Egyptian President Abdel Fattah al-Sisi and Italian Prime Minister Giuseppe Conte discussed the situation in Libya during a recent phone call, with Sisi stressing what he said were efforts made by military commander Khalifa Haftar’s Libyan National Army (LNA) in the fight against terrorism and violent extremism.
During the phone call, Sisi also emphasized the importance of stability in the war-torn country, according to Presidential Spokesperson Bassam Rady.
The LNA launched a military offensive last spring to capture Tripoli from militias allied to the UN-backed Government of National Accord (GNA), which is led by Fayez al-Sarraj.
Sisi said terrorist organizations threaten Libya and regional security in the entire Mediterranean region, rejecting what he called foreign interference in Libyan internal affairs.
For his part, Conte emphasized his country’s keenness to resolve the ongoing crisis in Libya, which he agreed represents a threat to the security of the entire region.
Meanwhile, Turkish President Recep Tayyip Erdogan has began preparing for a Turkish military intervention in Libya to support the GNA, which has also been backed by Qatar and Italy. Egypt, France, Russia, Jordan, and the United Arab Emirates have supported the rival LNA.
Erdogan announced this week that Sarraj’s Tripoli-based government had requested that Turkey send military forces to support the GNA against Haftar’s offensive.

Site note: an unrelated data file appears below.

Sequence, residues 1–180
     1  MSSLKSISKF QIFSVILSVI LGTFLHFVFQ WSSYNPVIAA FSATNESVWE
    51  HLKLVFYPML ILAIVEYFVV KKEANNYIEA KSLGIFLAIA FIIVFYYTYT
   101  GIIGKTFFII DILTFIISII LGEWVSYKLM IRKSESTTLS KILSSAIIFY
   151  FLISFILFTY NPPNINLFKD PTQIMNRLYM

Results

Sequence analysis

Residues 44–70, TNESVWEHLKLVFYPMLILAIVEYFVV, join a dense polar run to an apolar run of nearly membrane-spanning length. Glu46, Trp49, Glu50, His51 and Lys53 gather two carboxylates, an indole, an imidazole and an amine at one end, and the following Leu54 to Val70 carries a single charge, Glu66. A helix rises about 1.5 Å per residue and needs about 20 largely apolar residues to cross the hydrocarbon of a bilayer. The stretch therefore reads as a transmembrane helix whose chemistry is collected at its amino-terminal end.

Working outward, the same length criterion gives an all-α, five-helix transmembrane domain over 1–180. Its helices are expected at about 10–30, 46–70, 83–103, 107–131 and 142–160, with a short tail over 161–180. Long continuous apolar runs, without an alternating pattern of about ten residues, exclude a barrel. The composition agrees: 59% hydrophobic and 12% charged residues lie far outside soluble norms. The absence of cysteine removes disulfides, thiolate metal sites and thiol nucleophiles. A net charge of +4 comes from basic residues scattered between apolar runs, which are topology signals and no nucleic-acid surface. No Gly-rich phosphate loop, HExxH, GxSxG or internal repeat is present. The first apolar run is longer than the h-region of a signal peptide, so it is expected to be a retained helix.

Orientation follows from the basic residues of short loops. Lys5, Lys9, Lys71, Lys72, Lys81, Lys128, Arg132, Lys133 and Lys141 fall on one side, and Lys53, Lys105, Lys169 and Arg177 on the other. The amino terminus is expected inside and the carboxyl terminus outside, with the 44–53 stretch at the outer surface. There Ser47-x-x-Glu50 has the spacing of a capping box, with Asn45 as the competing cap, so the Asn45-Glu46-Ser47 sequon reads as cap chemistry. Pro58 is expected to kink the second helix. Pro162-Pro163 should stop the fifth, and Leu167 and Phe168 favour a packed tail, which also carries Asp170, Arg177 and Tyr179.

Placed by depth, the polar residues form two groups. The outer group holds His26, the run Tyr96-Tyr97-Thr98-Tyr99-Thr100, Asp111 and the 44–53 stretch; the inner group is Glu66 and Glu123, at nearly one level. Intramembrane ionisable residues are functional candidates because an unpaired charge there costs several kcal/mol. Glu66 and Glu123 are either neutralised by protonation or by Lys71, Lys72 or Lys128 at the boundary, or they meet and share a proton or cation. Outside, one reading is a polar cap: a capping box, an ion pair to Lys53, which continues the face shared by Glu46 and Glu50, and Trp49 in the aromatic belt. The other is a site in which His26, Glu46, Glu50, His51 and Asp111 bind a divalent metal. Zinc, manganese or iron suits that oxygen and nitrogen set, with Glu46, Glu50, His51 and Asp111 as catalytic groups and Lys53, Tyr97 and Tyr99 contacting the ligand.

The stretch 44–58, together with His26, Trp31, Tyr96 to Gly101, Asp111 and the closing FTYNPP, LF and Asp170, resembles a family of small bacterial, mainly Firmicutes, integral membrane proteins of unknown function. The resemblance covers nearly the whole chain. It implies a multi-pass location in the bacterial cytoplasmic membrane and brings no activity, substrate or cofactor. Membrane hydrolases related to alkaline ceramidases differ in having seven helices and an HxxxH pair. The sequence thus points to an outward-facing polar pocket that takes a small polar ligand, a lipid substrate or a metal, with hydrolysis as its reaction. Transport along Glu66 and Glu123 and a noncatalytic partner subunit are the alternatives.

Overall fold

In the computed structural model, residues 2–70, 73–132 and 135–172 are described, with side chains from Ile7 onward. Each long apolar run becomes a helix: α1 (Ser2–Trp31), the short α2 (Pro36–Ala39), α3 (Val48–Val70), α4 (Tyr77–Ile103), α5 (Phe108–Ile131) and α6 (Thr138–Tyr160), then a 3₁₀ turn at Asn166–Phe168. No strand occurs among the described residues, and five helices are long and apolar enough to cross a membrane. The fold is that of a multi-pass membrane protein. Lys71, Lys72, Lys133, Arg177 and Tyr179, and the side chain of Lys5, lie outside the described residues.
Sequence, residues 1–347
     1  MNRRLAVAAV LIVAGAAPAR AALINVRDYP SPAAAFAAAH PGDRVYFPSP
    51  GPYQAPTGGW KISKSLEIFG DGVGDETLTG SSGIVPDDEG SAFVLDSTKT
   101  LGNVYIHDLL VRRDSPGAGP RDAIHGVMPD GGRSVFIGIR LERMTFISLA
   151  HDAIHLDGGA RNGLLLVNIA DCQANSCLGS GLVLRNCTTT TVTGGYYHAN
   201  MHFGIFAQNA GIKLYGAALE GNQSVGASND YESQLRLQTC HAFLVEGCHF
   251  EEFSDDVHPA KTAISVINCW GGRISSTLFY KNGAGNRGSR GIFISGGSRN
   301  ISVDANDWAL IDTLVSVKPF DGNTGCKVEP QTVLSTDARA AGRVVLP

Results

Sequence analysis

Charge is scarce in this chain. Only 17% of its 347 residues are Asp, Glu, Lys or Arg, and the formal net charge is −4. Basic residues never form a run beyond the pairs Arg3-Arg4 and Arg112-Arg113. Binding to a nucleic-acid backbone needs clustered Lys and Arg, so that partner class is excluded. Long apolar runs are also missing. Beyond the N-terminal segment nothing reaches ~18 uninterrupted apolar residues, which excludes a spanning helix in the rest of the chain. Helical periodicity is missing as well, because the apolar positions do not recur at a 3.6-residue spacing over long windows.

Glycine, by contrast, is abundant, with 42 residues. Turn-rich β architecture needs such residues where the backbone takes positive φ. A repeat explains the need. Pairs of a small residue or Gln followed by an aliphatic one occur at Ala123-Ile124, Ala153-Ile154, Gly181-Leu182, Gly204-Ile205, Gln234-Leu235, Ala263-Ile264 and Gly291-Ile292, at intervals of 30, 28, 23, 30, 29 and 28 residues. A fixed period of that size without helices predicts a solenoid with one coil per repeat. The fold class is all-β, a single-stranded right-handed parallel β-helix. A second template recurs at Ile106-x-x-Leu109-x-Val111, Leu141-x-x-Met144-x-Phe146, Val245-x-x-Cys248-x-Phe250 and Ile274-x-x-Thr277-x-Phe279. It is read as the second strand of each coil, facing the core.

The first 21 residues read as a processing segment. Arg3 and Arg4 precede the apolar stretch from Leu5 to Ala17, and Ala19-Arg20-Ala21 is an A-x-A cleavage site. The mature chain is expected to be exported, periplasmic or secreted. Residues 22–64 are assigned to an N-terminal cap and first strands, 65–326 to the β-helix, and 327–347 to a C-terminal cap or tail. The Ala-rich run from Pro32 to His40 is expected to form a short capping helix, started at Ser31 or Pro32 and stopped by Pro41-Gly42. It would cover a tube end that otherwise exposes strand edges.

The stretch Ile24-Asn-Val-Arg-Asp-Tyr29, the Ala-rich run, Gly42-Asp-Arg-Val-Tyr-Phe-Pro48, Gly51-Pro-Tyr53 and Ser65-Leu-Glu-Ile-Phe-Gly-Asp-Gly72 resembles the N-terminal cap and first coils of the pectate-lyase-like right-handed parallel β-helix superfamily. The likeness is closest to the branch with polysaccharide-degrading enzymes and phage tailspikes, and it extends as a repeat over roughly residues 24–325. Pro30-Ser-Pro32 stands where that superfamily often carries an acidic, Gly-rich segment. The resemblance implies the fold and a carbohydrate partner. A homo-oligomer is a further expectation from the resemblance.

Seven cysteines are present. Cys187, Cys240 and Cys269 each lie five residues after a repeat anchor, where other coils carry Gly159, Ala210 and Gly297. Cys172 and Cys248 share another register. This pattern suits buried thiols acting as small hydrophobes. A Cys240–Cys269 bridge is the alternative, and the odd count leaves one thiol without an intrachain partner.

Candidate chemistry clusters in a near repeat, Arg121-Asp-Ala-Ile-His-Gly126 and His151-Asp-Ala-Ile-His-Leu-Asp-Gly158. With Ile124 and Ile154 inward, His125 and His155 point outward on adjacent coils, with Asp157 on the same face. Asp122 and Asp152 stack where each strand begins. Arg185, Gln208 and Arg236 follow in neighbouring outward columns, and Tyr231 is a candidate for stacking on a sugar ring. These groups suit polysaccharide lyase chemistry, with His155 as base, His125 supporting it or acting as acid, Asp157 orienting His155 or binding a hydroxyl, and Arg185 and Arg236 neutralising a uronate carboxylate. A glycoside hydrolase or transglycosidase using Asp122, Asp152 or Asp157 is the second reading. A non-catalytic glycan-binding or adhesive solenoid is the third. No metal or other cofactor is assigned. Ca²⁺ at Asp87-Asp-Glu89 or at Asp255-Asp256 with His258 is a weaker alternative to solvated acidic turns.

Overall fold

Erdogan expects to get the green light from Turkey’s Parliament between January 8-9, which would mean deployment of Turkish troops as early as next month.
Turkey is set to provide various kinds of support to the Tripoli-based government in their fight to fend off Haftar’s self-styled Libyan National Army, Erdogan said.
Tunisia will also provide political support to the Sarraj government, according to Erdogan, who urged Tunisia, Qatar and Algeria to take part in the upcoming Berlin conference on the Libyan crisis.
However, Minister of Interior of the GNA Fathi Bashagha told reporters during his visit to Tunisia on Thursday that Libya has not yet submitted a formal request to Ankara for the deployment of Turkish troops, adding that the government would formally request Turkish military support if the war in the capital escalates.
Adding to the confusion, Tunisia has rejected Bashaga’s earlier statements about Tunisia joining the Turkish alliance in Libya, stressing its neutrality in the Libyan crisis and denying any intention of joining the Turkish coalition.
Meanwhile, the battle for Libya’s capital continued to rage. The LNA carried out air strikes on the city of Misrata on Wednesday evening and Thursday morning, following the end of Haftar’s deadline for Sirte and Tripoli militants demanding their withdrawal.
Edited translation from Al-Masry Al-Youm